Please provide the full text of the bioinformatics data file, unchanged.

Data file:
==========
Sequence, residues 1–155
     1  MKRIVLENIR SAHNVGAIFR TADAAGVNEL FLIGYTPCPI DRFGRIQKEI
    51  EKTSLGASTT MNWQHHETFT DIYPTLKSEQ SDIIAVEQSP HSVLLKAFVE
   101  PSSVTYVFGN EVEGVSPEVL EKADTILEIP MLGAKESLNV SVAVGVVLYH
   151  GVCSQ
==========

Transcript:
Sequence, residues 1–155
     1  MKRIVLENIR SAHNVGAIFR TADAAGVNEL FLIGYTPCPI DRFGRIQKEI
    51  EKTSLGASTT MNWQHHETFT DIYPTLKSEQ SDIIAVEQSP HSVLLKAFVE
   101  PSSVTYVFGN EVEGVSPEVL EKADTILEIP MLGAKESLNV SVAVGVVLYH
   151  GVCSQ